The anti-union, building industry police force, the Australian Building and Construction Commission (ABCC), would have its powers increased and extended to cover the Maritime Union of Australia which is active in relation to oil rigs.

With unions out the way, and a completely deregulated environment, then the sky’s the limit when it comes to exploiting workers, gouging Australia’s resources and profit-making.

The complaint about new taxes is a direct reference to the mineral resources rental tax, which was designed by the Big Three mining corporations – Xtrata, BHP and Rio Tinto. It is hardly a burden! It is more about the principle, the hide of a government to introduce such a tax, that they are complaining about. To them it is a dangerous precedent and could always be amended to ensure they really return some of the wealth they extract to the people of Australia who own it.

Another demand from the mining CEOs is a “stable fiscal environment”. Essentially they do not want to pay taxes because this eats into profits. They fiercely object to any measures that might close tax loopholes or reduce tax credits. They are also highly critical over the government’s failure to carry out previous commitments to further reduce the taxation of their profits.

Every round of corporate tax cuts means less money for the government to spend on social welfare, education and health. These tax cuts hurt people – ultimately they come out of the pockets of students, the unemployed, pensioners, workers and their families. They are all affected whether it be cuts to universities, longer hospital waiting lists, failure to increase the dole, cuts to benefits or lack of public transport.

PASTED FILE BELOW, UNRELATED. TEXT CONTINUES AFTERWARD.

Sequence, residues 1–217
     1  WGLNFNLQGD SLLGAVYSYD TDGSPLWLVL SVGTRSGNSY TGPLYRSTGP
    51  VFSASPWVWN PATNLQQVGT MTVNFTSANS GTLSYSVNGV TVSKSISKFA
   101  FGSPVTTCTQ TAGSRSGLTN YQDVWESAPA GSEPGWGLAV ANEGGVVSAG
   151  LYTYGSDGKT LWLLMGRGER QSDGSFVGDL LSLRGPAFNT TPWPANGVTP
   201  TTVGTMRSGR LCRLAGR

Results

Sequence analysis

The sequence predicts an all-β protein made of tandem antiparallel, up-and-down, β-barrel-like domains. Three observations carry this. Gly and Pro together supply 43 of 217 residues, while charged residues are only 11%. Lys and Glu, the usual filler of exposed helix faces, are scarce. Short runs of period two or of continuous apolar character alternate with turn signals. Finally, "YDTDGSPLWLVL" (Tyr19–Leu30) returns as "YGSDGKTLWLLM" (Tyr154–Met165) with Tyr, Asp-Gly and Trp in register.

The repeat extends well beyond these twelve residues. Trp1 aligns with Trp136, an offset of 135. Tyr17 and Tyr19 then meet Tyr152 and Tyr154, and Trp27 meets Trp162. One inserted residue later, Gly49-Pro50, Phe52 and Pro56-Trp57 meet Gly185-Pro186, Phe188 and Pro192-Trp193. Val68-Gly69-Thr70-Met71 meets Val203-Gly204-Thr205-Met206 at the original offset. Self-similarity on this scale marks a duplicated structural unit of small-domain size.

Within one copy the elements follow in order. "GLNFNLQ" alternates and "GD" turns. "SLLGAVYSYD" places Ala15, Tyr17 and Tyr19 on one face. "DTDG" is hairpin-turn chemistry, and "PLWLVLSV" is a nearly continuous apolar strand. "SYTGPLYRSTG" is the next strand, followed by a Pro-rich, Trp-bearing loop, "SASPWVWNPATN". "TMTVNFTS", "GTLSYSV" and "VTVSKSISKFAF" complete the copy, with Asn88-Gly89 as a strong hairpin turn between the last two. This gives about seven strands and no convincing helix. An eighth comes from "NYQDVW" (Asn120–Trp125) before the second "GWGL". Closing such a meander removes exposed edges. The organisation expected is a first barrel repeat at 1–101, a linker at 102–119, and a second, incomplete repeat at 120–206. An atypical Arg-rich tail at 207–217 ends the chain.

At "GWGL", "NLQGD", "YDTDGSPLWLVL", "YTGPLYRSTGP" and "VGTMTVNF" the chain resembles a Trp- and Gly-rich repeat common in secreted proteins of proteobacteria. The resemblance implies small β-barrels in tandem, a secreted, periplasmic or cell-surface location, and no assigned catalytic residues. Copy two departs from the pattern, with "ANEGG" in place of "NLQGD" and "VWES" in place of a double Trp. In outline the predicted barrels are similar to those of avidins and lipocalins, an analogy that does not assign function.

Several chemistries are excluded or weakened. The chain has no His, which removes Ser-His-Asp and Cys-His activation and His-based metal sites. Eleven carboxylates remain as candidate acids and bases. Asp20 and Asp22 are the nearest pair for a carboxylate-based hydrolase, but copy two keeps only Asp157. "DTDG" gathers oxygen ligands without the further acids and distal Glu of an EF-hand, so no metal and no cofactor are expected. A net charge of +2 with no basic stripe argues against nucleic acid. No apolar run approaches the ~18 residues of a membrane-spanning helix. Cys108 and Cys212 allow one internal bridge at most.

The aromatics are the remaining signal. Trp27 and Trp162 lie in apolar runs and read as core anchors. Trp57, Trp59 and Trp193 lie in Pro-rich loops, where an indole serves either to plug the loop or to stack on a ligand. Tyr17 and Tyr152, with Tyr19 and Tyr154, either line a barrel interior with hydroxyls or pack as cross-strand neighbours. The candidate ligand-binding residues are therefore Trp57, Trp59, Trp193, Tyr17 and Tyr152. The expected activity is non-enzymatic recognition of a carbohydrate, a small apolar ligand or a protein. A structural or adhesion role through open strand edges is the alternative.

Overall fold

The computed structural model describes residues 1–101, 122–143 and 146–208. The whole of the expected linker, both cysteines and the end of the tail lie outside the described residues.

Just as the wages struggle in the workplace is an economic form of the class struggle so too is the demand for lower taxation of company profits.

The rise in the Australian dollar and falling commodity prices have also contributed to the decline in resource sector profits, but the same CEOs who want to starve workers are not so vocal on this issue. They support deregulation of the financial sector and “free markets”. They want workers and the community to pay for the higher dollar and the end of the mining boom so that their obscene profits are maintained and increased.

Some of these companies are making a gross profit of $1 million per worker per annum. Others only half a million.

Gina Rinehart, last year ranked the richest woman in the world, has seen her wealth take a hit as a result of the boom phase of the business cycle taking a downward turn. Her estimated accumulated wealth fell from $29 billion to $22 billion, according to the Business Review Weekly’s annual Rich 200 list. No wonder the poor woman has taken up the political struggle to protect her interests!

Fortesque Metals Group Andrew Forrest has seen his fortunes fall by $2.2 billion from $3.85 billion and Clive Palmer down $1.65 billion to $2.2 billion. They too have extended their participation in the class struggle to the political arena. Palmer has set up his own political party – needless to say it is extremely reactionary, with workers, trade unions and environmental protection high on the hit list.

In the coming period, the political struggle will be imperative if trade unions are to defend existing rights and conditions, and the environment is to be saved. It will not be won inside Parliament; it depends on the building of a mass movement and a left and progressive alternative capable of winning wider public support.   

Next article – Editorial – Electoral funding – buttressing the two party system